In December, Canada declined to become a signatory to the UN Arms Trade Treaty, signed by over 130 countries, including the United States.
Instead, they signed a $15bn arms deal with Saudi Arabia – the largest export deal in Canadian history and, in contravention of Canadian law, refused to seek assurances that these arms would not be used against civilians. Where and how this money shapes Canadian society is a question few want to address.
In the spring, the government halted processing of claims of the most vulnerable Syrian refugees – persons recommended by the UNHCR and approved through Canada’s regular channels – in order to subject each to a security check by the prime minister‘s office.
Despite committing to 10,000 Syrian refugees over three years, the government has so far processed around 1,000. Yet when images of Alan Kurdi shocked the world, the prime minister claimed, “We should be doing everything; we are doing everything.”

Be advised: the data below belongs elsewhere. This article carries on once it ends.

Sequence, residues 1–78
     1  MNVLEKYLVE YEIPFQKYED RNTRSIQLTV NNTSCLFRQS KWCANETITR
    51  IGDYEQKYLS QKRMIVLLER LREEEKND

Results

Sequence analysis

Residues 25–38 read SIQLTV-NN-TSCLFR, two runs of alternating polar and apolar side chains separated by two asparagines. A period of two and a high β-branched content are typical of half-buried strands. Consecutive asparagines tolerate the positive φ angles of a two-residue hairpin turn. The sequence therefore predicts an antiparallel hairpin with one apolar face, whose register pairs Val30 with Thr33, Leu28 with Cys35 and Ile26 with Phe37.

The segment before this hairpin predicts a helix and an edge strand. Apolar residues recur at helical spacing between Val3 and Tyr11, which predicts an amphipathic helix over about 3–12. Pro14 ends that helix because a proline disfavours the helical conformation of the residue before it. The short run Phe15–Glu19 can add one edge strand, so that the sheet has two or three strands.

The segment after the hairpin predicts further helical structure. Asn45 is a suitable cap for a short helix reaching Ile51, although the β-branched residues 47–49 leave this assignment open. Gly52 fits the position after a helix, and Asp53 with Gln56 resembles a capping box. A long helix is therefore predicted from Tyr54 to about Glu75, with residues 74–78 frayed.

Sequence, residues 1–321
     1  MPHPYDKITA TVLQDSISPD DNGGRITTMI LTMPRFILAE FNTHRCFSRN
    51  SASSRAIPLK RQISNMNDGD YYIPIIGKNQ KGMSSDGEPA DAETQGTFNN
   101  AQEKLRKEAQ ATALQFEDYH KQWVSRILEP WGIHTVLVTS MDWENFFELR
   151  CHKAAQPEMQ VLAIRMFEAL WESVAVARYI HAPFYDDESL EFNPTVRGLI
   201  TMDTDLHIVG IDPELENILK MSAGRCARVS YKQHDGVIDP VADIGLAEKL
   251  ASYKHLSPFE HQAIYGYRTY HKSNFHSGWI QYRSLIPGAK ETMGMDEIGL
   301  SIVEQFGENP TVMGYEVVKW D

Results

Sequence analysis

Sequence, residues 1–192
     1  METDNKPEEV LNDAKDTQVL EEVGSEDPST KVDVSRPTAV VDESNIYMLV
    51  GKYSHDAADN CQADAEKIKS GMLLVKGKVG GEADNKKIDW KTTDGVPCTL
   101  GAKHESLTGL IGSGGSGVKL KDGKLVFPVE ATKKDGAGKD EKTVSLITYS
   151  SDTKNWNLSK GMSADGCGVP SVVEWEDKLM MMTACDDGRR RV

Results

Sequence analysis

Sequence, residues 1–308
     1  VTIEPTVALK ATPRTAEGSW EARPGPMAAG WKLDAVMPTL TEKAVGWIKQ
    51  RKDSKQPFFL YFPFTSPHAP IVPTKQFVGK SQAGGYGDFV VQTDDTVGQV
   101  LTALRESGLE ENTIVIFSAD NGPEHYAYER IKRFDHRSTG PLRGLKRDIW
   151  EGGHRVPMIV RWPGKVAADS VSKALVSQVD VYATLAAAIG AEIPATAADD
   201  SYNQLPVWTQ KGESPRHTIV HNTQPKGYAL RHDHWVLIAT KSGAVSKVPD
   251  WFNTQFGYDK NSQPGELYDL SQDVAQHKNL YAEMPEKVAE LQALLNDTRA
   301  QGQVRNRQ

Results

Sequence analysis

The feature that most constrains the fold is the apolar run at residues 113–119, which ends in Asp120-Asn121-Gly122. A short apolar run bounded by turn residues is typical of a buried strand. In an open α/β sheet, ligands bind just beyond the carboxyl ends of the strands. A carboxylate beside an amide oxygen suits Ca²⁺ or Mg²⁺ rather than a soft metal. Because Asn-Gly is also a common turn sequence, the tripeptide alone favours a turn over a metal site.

Hypocrisy is the use of language to claim moral standards to which our words, actions, and deeds do not conform. Canada has persistently looked away from its troubled history of assimilation and violence – and over time, false assumptions, repeated and internalised, have damaged our ability to assess not only present challenges, but ourselves.
As election day arrives, the Globe and Mail, Canada’s largest newspaper, has called the government “rotten”, even while endorsing it for a fourth straight term. Yet, polls indicate that Harper’s government has unwittingly made its own hypocrisy a central issue, and voters are no longer willing to accept the stark differences between Harper’s Canada and their own. How deeply the country is willing to confront its disparities, however, remains to be seen.
Madeleine Thien is a novelist currently living in Singapore. Her latest novel, Dogs at the Perimeter, about the aftermath of the Cambodian genocide, was shortlisted for the 2014 International Literature Prize.
The views expressed in this article are the author’s own and do not necessarily reflect Al Jazeera’s editorial policy.